It's easy to stay suspicious of Daniel, the brother who is almost her age and is resentful she's there. But Mrs. Murphy makes her feel heard and seen for the first time, and the two younger boys seem determined to work their way into her heart. Before she knows it, Carley is protected the boys from a neighborhood bully and even teaching Daniel how to play basketball. Then just when she's feeling like she could truly be one of the Murphys, news from her mother shakes her world.
Overall, I enjoyed this book. It even made me tear up a bit at the end. I thought Carley was a well developed character and her story gave a believable depiction of the life of a foster child. It was clear that this was a YA novel, however. There were aspects of the book - Carley’s mother, the court case, even the social worker, to name a few - that were underdeveloped or glossed over. These are realities that foster children and foster families have to deal with, and they are not always pretty. I felt like this narrative shied away from some of the more unpleasant aspects of Carley’s situation. The focus was definitely on Carley and her developing relationships with the various members of the Murphy family. This was my favorite part of the book and the most endearing. It’s also what made me tear up at the end, when it was time to say goodbye. Definitely a worthwhile YA novel.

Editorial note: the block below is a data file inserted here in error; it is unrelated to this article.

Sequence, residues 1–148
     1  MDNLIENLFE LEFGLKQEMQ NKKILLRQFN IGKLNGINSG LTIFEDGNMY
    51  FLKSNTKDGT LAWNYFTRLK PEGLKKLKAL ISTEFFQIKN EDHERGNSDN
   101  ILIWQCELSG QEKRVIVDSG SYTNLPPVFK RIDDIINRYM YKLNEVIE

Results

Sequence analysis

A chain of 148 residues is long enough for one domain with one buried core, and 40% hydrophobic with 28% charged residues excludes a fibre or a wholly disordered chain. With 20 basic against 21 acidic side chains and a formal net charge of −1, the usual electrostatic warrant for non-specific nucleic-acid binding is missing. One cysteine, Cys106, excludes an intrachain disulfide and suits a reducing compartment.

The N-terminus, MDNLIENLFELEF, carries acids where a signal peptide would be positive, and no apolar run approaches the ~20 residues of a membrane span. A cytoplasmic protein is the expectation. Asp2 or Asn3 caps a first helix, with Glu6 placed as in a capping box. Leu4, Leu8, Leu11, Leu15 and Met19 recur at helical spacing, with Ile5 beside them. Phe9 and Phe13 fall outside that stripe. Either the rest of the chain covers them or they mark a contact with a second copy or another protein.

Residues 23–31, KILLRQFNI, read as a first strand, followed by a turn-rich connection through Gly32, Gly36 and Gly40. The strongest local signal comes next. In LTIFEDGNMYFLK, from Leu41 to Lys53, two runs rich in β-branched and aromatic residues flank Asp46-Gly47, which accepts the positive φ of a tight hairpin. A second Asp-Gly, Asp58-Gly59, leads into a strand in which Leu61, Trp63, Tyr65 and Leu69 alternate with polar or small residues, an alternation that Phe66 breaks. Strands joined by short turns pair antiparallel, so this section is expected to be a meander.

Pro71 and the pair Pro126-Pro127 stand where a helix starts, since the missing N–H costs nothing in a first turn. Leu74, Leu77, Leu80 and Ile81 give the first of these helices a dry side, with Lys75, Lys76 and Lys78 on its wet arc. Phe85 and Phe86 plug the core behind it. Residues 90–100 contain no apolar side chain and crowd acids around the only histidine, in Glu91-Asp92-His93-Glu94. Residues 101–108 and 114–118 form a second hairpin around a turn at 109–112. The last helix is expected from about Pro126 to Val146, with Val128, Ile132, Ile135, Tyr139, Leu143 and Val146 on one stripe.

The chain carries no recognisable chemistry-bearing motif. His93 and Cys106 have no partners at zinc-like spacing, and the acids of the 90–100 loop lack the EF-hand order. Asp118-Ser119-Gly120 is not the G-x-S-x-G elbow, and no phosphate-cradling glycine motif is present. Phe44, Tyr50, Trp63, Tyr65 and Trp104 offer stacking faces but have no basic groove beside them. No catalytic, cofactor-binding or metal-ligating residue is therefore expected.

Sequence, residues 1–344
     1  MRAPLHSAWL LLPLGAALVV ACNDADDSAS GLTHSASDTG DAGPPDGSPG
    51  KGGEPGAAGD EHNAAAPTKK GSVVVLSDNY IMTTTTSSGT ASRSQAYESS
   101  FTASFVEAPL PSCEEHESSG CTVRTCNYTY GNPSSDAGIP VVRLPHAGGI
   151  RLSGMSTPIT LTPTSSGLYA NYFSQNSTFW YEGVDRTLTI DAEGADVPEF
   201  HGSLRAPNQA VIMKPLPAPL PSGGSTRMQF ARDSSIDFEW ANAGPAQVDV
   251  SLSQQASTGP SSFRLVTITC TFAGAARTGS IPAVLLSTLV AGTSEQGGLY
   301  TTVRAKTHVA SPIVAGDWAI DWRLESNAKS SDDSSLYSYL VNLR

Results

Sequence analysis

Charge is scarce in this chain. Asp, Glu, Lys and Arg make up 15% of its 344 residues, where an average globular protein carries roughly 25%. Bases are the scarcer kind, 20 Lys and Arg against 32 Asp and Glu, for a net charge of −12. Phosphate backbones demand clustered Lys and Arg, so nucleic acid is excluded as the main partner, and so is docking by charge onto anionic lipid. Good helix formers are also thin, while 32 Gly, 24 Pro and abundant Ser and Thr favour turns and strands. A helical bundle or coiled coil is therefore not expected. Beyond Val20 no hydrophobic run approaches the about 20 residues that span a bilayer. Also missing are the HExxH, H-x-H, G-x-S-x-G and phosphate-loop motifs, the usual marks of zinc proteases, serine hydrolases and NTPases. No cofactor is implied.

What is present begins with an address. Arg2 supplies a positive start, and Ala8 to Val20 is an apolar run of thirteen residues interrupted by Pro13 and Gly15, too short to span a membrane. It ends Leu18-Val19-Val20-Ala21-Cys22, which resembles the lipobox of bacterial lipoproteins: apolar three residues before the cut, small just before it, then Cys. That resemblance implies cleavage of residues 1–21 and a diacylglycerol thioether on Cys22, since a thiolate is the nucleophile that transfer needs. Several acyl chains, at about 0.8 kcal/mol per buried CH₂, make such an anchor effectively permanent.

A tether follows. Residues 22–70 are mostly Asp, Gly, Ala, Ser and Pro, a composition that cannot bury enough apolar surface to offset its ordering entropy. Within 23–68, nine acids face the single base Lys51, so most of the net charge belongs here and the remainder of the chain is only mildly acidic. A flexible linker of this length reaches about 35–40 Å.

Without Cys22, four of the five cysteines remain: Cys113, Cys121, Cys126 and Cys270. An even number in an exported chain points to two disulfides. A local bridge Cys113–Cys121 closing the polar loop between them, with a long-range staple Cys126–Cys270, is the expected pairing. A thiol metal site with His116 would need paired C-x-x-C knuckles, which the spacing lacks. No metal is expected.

2016 Reading Challenge: A book from the library